total population growth rate v. urban population growth rate, 2000-2030

Major urban areas - population

545,000 PORT-OF-SPAIN (capital) (2023)

Sex ratio

at birth: 1.04 male(s)/female

0-14 years: 1.04 male(s)/female

15-64 years: 1.04 male(s)/female

65 years and over: 0.87 male(s)/female

total population: 1.01 male(s)/female (2024 est.)

Maternal mortality ratio

27 deaths/100,000 live births (2020 est.)

comparison ranking: 115

Infant mortality rate

total: 15.1 deaths/1,000 live births (2024 est.)

male: 17.1 deaths/1,000 live births

female: 13 deaths/1,000 live births

comparison ranking: total 94

Life expectancy at birth

total population: 76.5 years (2024 est.)

male: 74.6 years

female: 78.4 years

comparison ranking: total population 107

Total fertility rate

1.63 children born/woman (2024 est.)

comparison ranking: 174

Drinking water source

improved: urban: NA

rural: NA

total: 100% of population

unimproved: urban: NA

rural: NA

total: 0% of population (2020 est.)

Current health expenditure

7.3% of GDP (2020)

Physicians density

4.48 physicians/1,000 population (2019)

Hospital bed density

3 beds/1,000 population (2017)

Sanitation facility access

improved: urban: NA

rural: NA

total: 99.9% of population

unimproved: urban: NA

rural: NA

total: 0.1% of population (2020 est.)

Obesity - adult prevalence rate

18.6% (2016)

comparison ranking: 117

Alcohol consumption per capita

total: 5.81 liters of pure alcohol (2019 est.)

beer: 2.92 liters of pure alcohol (2019 est.)

wine: 0.16 liters of pure alcohol (2019 est.)

spirits: 2.65 liters of pure alcohol (2019 est.)

other alcohols: 0.09 liters of pure alcohol (2019 est.)

comparison ranking: total 74

Education expenditures

4.1% of GDP (2020 est.)

comparison ranking: 112


definition: age 15 and over can read and write

total population: 99%

male: 99.2%

female: 98.7% (2015)


Environment - current issues

water pollution from agricultural chemicals, industrial wastes, and raw sewage; widespread pollution of waterways and coastal areas; illegal dumping; deforestation; soil erosion; fisheries and wildlife depletion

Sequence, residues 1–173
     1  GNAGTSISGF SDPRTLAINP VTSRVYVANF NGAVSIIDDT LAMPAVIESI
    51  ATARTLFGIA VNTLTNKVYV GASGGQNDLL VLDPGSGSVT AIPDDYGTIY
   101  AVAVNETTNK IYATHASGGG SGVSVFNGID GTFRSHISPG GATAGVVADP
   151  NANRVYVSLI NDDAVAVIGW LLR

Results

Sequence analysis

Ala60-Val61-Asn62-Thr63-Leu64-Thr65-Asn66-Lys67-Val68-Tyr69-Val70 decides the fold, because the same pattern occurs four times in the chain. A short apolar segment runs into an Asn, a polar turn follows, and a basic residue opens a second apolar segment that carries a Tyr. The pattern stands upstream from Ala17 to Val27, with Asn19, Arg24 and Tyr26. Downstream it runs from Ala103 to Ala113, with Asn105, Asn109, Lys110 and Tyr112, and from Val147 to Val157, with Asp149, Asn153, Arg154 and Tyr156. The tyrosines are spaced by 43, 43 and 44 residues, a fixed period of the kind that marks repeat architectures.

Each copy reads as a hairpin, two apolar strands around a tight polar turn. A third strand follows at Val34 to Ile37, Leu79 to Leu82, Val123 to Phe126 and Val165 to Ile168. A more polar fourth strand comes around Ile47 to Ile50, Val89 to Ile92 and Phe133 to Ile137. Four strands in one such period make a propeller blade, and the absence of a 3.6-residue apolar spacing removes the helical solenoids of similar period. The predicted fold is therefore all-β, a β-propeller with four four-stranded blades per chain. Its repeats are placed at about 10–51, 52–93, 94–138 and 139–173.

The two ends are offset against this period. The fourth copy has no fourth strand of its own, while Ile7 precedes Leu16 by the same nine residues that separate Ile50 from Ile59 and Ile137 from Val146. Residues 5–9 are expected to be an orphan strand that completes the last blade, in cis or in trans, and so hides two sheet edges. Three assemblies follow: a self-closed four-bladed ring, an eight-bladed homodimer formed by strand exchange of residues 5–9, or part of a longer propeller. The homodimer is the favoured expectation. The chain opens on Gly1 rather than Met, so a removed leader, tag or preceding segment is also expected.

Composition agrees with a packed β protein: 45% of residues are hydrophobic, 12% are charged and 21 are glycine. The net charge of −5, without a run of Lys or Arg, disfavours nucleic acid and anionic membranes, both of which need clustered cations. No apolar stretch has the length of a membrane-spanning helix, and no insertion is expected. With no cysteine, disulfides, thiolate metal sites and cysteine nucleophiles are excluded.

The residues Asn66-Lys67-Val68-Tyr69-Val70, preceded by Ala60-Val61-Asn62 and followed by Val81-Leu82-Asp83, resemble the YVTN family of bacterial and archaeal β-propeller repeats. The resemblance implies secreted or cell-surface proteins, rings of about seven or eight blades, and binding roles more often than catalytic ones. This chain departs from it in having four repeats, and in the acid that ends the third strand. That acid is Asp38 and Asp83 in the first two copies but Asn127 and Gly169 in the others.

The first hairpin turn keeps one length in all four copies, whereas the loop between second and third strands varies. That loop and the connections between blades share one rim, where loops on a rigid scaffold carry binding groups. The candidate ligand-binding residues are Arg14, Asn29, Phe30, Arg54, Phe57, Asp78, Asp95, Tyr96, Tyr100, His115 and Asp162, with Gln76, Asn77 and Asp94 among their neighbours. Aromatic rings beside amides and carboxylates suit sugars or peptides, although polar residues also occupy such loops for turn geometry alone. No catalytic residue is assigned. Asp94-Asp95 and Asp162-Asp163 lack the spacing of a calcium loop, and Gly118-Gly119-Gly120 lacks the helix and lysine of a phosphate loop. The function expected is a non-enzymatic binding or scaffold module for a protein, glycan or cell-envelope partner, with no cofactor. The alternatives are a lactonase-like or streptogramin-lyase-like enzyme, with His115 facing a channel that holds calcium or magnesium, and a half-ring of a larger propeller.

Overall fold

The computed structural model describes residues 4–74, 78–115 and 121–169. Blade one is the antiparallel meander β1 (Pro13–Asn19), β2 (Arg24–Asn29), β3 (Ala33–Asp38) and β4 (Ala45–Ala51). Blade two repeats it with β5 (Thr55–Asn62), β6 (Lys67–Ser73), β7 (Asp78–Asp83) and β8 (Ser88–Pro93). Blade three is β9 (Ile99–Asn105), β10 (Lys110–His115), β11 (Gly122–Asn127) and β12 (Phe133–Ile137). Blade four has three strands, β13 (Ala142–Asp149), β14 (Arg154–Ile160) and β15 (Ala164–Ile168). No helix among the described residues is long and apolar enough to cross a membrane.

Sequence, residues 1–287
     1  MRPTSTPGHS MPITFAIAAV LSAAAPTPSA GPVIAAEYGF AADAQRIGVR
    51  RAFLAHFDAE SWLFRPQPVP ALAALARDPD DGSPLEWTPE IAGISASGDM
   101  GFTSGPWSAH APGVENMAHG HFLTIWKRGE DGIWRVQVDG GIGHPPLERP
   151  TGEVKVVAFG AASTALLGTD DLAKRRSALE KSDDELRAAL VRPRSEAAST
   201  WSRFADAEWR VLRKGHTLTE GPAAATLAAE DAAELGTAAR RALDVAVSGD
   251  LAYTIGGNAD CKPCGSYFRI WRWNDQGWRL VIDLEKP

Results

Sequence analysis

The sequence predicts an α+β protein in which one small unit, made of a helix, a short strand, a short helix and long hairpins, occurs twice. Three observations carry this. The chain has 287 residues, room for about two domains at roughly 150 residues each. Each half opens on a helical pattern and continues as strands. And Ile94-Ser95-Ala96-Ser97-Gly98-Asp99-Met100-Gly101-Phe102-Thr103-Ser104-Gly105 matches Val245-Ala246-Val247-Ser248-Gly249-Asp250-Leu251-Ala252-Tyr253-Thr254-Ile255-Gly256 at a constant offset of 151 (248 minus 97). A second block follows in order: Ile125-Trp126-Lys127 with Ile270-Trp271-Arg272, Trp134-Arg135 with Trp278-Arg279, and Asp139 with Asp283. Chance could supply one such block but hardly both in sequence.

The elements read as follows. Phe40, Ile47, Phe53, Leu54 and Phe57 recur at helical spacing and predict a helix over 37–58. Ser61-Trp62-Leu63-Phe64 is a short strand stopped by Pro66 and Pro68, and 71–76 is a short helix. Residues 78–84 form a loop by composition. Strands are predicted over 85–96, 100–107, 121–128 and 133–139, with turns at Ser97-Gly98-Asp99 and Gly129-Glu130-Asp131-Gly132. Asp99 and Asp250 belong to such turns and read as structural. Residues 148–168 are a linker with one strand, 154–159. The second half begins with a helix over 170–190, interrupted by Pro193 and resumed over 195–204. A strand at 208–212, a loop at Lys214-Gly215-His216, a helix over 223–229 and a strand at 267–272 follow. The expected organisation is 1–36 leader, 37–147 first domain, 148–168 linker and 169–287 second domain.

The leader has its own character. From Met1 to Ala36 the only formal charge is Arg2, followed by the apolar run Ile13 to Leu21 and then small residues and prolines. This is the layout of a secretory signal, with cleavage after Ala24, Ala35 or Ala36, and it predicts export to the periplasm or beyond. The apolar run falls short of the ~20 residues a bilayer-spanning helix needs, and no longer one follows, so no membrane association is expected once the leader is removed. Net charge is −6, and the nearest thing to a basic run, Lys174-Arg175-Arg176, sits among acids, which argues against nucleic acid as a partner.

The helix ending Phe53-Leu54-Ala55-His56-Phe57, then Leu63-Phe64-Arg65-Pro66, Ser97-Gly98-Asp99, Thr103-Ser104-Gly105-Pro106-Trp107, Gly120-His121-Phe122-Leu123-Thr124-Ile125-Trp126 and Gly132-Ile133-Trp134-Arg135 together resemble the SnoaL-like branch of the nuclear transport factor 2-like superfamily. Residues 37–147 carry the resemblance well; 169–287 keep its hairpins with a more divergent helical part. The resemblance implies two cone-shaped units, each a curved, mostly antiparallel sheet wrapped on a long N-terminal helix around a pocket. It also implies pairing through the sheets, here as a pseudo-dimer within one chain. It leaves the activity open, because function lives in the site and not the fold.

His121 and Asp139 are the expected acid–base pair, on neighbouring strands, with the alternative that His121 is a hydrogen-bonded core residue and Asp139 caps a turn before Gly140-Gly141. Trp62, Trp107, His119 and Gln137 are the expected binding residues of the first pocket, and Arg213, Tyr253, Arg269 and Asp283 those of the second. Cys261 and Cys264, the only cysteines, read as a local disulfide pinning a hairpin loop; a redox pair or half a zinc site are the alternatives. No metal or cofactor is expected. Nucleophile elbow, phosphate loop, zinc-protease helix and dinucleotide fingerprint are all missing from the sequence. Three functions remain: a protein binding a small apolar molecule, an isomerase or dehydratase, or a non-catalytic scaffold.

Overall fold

Environment - international agreements

party to: Biodiversity, Climate Change, Climate Change-Kyoto Protocol, Climate Change-Paris Agreement, Comprehensive Nuclear Test Ban, Desertification, Endangered Species, Hazardous Wastes, Law of the Sea, Marine Dumping-London Protocol, Marine Life Conservation, Nuclear Test Ban, Ozone Layer Protection, Ship Pollution, Tropical Timber 2006, Wetlands

signed, but not ratified: none of the selected agreements


tropical; rainy season (June to December)

Land use

agricultural land: 10.6% (2018 est.)

arable land: 4.9% (2018 est.)

permanent crops: 4.3% (2018 est.)

permanent pasture: 1.4% (2018 est.)

forest: 44% (2018 est.)

other: 45.4% (2018 est.)


urban population: 53.4% of total population (2023)

rate of urbanization: 0.23% annual rate of change (2020-25 est.)

total population growth rate v. urban population growth rate, 2000-2030

Revenue from forest resources

0.05% of GDP (2018 est.)

comparison ranking: 127

Revenue from coal

0% of GDP (2018 est.)

comparison ranking: 103

Air pollutants

particulate matter emissions: 10.26 micrograms per cubic meter (2019 est.)

carbon dioxide emissions: 43.87 megatons (2016 est.)

methane emissions: 1.35 megatons (2020 est.)

Waste and recycling

municipal solid waste generated annually: 727,874 tons (2010 est.)

Total water withdrawal

municipal: 240 million cubic meters (2020 est.)

industrial: 130 million cubic meters (202 est.)

agricultural: 20 million cubic meters (2020 est.)

Total renewable water resources

3.84 billion cubic meters (2020 est.)


Country name

conventional long form: Republic of Trinidad and Tobago

conventional short form: Trinidad and Tobago

etymology: explorer Christopher COLUMBUS named the larger island "La Isla de la Trinidad" (The Island of the Trinity) on 31 July 1498 on his third voyage; the tobacco grown and smoked by the natives of the smaller island or its elongated cigar shape may account for the "tobago" name, which is spelled "tobaco" in Spanish

Government type

parliamentary republic


name: Port of Spain

geographic coordinates: 10 39 N, 61 31 W

time difference: UTC-4 (1 hour ahead of Washington, DC, during Standard Time)